July 15, 2024

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George Brown College – GBC to launch the ReNEW career readiness program for newcomers thanks to a $500,000 donation from Scotiabank’s ScotiaRISE Social Impact Initiative

The ScotiaRISE $500,000 donation to the college was announced on Friday, June 7. The majority of the gift will fund the two-year ReNEW career readiness program for internationally trained professionals studying at the School of English as a Second Language (ESL) at the Centre for Preparatory and Liberal Studies. 

“We are pleased to provide ScotiaRISE funding for the ReNEW career readiness program at George Brown College and the new bursary program for women students from Afghanistan,” said Christopher Sandilands, Toronto Centre District Vice-President at Scotiabank. “ScotiaRISE is proud to support education and employment opportunities for newcomers to Canada as they work to establish success and economic resilience in their new lives. We wish these students best of luck in their new endeavors.”  

Helping internationally trained professionals succeed in the Canadian workforce 

The goal of the ReNEW program is to help 160 newcomers overcome common navigation, financial literacy, career mobility, and professional networking barriers so they can fully and meaningfully participate in the Canadian workforce and improve their economic resiliency.  

“Internationally trained professionals are a source of great talent that benefits the Canadian labour market, our communities and society.  We are very proud of the work we are doing at GBC to empower and support newcomers to Canada through the ReNEW program,” said Dr. Eileen de Courcy, George Brown College’s Vice-President, Academic. “We want to acknowledge and recognize ScotiaRISE for the generous gift and for the positive impact it will have on the lives of the participants.”  

GBC expects to launch the ReNEW program in September 2024.  

Apply for the ReNEW program

Developing career readiness skills 

Students who complete the ReNEW program will have gained the ability to identify key trends in the Canadian labour market, employ job search strategies to find relevant employment opportunities, and demonstrate intercultural skills required in Canada’s diverse labour force.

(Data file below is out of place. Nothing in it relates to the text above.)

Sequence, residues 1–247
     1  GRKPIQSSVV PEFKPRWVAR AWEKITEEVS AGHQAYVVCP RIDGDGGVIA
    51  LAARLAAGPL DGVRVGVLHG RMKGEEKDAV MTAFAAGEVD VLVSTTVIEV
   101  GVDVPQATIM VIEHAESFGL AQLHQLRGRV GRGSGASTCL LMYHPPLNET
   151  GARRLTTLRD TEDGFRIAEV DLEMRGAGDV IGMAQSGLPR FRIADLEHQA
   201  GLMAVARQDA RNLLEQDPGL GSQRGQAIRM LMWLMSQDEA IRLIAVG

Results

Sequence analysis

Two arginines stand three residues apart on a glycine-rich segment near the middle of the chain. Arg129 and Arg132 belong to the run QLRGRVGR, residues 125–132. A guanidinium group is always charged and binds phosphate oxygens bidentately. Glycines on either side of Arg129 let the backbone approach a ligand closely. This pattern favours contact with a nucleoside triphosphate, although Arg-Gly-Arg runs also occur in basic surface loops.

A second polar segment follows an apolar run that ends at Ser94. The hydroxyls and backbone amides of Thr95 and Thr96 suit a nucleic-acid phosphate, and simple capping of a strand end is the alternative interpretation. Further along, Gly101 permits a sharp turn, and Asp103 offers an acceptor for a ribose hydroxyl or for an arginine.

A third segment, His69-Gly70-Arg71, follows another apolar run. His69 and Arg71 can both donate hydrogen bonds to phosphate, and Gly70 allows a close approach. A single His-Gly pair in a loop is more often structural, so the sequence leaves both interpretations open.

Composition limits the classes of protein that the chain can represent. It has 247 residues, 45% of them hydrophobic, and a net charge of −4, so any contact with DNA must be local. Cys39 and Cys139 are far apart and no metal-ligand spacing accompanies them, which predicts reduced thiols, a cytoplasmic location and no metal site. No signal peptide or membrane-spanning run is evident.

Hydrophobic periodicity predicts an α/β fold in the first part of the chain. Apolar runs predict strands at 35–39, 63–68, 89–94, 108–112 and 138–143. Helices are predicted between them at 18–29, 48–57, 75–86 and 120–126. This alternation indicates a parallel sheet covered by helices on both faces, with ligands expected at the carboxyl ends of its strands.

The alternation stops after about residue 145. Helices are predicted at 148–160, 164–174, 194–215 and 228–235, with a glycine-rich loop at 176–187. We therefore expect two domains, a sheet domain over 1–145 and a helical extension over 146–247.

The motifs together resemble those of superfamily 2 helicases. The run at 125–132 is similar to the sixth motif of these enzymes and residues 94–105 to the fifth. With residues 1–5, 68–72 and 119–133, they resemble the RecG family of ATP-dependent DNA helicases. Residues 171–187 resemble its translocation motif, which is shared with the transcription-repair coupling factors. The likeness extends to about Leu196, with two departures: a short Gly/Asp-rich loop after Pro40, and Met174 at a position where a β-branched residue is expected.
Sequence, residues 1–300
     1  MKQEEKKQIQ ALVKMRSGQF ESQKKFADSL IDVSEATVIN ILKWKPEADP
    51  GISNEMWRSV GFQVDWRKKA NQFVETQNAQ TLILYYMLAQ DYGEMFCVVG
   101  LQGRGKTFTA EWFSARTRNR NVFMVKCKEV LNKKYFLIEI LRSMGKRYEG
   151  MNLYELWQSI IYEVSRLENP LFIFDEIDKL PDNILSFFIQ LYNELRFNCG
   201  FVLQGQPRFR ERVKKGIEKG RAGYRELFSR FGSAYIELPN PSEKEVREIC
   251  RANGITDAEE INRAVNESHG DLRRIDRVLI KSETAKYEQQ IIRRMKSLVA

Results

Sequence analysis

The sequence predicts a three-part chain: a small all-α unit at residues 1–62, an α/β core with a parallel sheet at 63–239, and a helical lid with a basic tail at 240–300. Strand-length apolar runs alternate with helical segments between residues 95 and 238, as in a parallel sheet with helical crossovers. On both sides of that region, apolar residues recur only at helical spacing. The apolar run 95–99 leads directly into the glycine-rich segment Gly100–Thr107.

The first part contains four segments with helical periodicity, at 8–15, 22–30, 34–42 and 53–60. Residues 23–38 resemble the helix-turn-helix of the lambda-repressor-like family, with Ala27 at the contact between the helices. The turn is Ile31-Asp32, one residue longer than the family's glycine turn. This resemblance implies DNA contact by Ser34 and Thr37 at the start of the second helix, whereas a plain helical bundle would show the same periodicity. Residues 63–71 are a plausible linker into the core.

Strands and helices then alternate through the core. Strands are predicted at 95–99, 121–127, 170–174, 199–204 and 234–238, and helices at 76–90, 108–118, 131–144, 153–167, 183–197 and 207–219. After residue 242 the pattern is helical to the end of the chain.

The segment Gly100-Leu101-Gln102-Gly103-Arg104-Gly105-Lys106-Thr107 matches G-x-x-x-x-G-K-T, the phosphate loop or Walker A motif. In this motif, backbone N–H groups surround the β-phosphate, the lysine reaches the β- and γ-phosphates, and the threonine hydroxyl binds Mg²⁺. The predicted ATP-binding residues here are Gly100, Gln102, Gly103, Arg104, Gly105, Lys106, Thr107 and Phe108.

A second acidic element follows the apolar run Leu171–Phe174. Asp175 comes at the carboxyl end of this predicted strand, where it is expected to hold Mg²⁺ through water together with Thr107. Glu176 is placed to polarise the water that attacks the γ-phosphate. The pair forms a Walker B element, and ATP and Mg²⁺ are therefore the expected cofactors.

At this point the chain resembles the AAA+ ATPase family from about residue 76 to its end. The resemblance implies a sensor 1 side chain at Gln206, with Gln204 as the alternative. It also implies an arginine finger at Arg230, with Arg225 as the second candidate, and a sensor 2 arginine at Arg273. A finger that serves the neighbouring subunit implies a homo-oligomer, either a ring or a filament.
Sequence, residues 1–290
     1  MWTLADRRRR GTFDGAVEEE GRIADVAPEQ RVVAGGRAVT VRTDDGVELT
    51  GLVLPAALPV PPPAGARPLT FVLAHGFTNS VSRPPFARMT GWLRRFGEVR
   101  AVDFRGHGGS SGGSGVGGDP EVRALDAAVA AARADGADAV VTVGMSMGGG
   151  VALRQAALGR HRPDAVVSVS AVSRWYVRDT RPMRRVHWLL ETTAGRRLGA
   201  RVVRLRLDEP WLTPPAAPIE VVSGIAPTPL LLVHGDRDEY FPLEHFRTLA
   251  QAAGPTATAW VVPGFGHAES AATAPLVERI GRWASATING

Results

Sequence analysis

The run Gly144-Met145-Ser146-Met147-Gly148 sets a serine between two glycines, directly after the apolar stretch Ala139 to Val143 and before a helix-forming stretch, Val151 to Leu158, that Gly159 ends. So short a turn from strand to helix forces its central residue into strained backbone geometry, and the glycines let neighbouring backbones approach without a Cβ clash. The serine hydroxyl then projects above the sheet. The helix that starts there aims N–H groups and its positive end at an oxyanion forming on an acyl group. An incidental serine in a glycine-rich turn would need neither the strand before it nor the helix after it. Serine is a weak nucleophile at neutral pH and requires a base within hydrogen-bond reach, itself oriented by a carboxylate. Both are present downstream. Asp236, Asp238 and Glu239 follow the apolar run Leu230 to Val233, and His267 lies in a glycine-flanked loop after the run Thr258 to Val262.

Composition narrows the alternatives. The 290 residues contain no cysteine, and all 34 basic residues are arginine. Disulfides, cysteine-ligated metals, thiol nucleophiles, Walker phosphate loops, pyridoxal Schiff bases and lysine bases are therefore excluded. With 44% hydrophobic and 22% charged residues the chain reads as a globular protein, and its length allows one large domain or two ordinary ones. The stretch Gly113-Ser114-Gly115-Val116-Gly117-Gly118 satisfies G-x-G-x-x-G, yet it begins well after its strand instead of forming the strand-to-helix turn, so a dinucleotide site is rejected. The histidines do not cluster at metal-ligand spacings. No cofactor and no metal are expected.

“As a Career Development Practitioner student and as a newcomer, I believe that newcomer students need to understand the process of entering the Canadian labour market, especially with the existence of barriers such as language and Canadian experience,” said Kamalamal Alkalaldeh. “This program will help newcomer students articulate their transferable skills, set their career goals, explore the Canadian labour market, gain job search skills, and be ready for their Canadian careers.” Alkalaldeh is a postgraduate student in the Career Development Practitioner program and Pathways Student Communications Assistant with the School of ESL & Immigrant Education. 

The program benefits newcomers and supports employers by preparing career-ready candidates who can fill vacancies in sectors experiencing critical worker shortages. 

“Today’s students have many things on their plate when they arrive in Canada, and they need support to be successful when they finish their ESL studies,” said Luis Fernando Moreno Rojas, a second-year student in the Game Art program and a GBC Student Success Coach. “A professional development option within the School of ESL can help migrants reduce the gap in knowledge and obtain effective tools to achieve their strategic objectives on their Canadian career path.” 

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